Went walking in Wenjiang. There was a leather store I wanted to see if I could find, based on my memories of the drive a couple of days prior. And a gate – I bet that the gate would lead somewhere cool.I haven’t really been walking around much in my immediate area.
I found the store – a place called Bull Heaven. I like this – being made into a travel ready camera bag is every bull’s dream! After pricing some bags I had seen before, I bought a little field journal type thing. I already have a journal for writing/whining, and I have this blog, but nothing for sketching or doodling. Now I do – and it looks pretty cool. It has a sailing ship on it – one of my mantra images.
The spring fashions are out in Wenjiang – riotous color and patterns seem popular, as do very short skirts and pastel lace. A few stores still have out the charcoal grey and black with metal accents. The fashions here are a little hodge-podge. Like the driving, it’s a “whatever I like” deal. So women were knee high boots with gold bows on them, bubble coats and Technicolor skirts. Colors clash all over the place – I sort of like it, in a weird way. It’s carefree. I will not be buying the rainbow prints – no jacket covered in baby photos for me! But it’s nice to walk – I have my music on and the weather is pleasant and I’m getting an idea of costs of things. Food is cheap, dental floss is expensive.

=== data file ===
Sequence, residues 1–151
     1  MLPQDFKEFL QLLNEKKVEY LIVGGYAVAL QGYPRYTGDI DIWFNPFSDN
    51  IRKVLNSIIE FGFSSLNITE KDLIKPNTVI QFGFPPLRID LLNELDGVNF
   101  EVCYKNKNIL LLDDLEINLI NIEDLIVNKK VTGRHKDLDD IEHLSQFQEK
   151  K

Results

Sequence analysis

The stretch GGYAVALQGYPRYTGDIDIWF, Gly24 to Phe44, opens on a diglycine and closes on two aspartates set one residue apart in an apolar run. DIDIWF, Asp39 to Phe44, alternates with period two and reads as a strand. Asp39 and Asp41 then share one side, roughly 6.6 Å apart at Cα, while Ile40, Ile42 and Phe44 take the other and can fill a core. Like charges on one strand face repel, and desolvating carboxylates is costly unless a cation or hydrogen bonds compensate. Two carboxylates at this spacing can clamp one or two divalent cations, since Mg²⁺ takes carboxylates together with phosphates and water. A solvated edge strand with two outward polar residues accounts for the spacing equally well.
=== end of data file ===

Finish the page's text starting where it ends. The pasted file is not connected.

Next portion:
And I found the gate, and I was correct – it did lead someplace cool, the Wenjiang Cultural center. On the second floor I hear a children’s choir concert. Outside are some Tae Kwon Do toddlers demonstrating for their parents. A man explains the museum to me in English (he works for an Israeli company, which is how he learned), and I make up a passport number so I can go in. The translations were not very helpful, but I got to learn a little about what art and burial goods had been unearthed in the surrounding area, and see some more cool traditional architecture and sculptural work. They are not afraid to use color in their carvings! Dragons are blue, white, gold, and green, and multicolored cloud motifs swirl around them.
Feeling carefree myself, I decided I would try to sketch. I am a terrible illustrator – I can never achieve with my hands what my eyes see. I appreciate, however, that the only way I’m going to become better at drawing things is by practicing. So I plopped down and broke out some paper. My subject – a dragon carved into the stairway.I started off by myself – that’s why I chose the spot to draw. But soon I had onlookers – a few people standing right at my shoulders, watching me draw. I felt embarrassed – I was doing a great injustice to my dragon subject already, and now I was feeling performance pressure. I get like this when I feel I’m being judged on talents in which I have less faith – drawing, for instance, or playing my violin. I know I could be better and I’m not, and I feel it. I turn to the boy who has decided to sit next to me, and hold up my dragon drawing. I point to the stone carving, then to my drawing and the space where I made a glaring mistake, and make a face. He smiles and drifts away.
Mom would tell me not to think about these people, and I try to take her advice to heart.Perhaps this is a good opportunity to practice not thinking about what others think about me. Double skill improvement!